Chief Executive, Harworth
Research shows the property industry is failing to attract enough people from diverse backgrounds and keep them in the industry.
Recent social media posts and column inches have highlighted racism and discrimination, which does nothing to support the inclusive image the industry’s diversity policies would suggest. It adds to an image already tarnished by reports of past MIPIM excesses, the President’s Club scandal and the ‘greedy developer’ moniker.
We need to hold a mirror up to our industry and ask what is ‘Property UK’s’ brand and does that make us an attractive sector to work in? If the answer to this is ‘no’, how are we going to overhaul the property industry brand?
Building an inclusive, diverse workforce is hugely important for the industry to progress and be the best it can be, delivering appropriate projects for the people using them.
Increasing diversity is challenging and something that I’m grappling with at Harworth. Although we do well in terms of gender diversity, we are still a predominately white company.
Other sectors seem to be much better at it. Policy Exchange’s Two Sides of Diversity report in 2017 takes a comprehensive look at the ethnic diversity within 200 jobs and professions. Dentistry, medicine and law feature in the top 10 for ethnic diversity. IT and software are just outside the top 10.
The Green Park Leadership 10,000 report analysed the top jobs at FTSE 100 companies. The 2019 research puts property and construction in the bottom three industries for ethnic representation. It’s 2021 report is due out soon.
Why are other professions more appealing to people from ethnic backgrounds?
On paper, property and the built environment seems an attractive career choice. There is a huge range of roles in a variety of different sectors. It is an industry with a tangible day to day impact on everyone’s lives, health and wellbeing. It has an important role in the fight to mitigate climate change, and day-to-day technology is playing a bigger part.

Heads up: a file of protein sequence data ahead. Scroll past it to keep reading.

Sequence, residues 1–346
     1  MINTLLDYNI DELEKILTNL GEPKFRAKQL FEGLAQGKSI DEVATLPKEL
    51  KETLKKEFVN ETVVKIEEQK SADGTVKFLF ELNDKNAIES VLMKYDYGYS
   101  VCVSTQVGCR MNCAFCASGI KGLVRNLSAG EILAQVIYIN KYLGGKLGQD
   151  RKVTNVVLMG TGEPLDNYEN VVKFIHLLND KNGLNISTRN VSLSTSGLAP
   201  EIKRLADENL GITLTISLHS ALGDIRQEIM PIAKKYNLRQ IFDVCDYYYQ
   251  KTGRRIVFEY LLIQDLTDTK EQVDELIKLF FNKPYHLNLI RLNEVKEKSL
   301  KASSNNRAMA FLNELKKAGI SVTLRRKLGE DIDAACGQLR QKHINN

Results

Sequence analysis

And yet the diversity policies that most property businesses have don’t seem to be translating into more representative workforces. Do we properly understand what people – particularly young people – are interested in when considering a career? Are we putting out the right messages and reaching the right audiences?
There are property businesses doing good work, which isn’t just tokenism and tick-box diversity. But perhaps we need to be better at showcasing this and in the right places.
The built environment is part of every community, but are we visible as an industry in all those communities and demonstrating our work? Can we work harder with community engagement and do more with local schools and colleges where we have boots on the ground?
However, visibility and messaging are only part of the story. The Policy Exchange’s Bittersweet Success report suggests that some vocational professions are easier for those from diverse backgrounds to access without having the ‘right social networks’.
When it comes to careers in IT, the report observes that the emphasis seems to be on technical skills and results rather than having an impressive personality at the interview.
We are definitely better at hiring from a range of educational backgrounds rather than select schools and universities. I didn’t go to a posh school, but once in a senior role, it’s easy to forget how hard that journey is.
I don’t have hard and fast answers to this problem, but we need to ask tough and uncomfortable questions and find different ways of doing things.
This article was first published in Property Week on 27 August 2021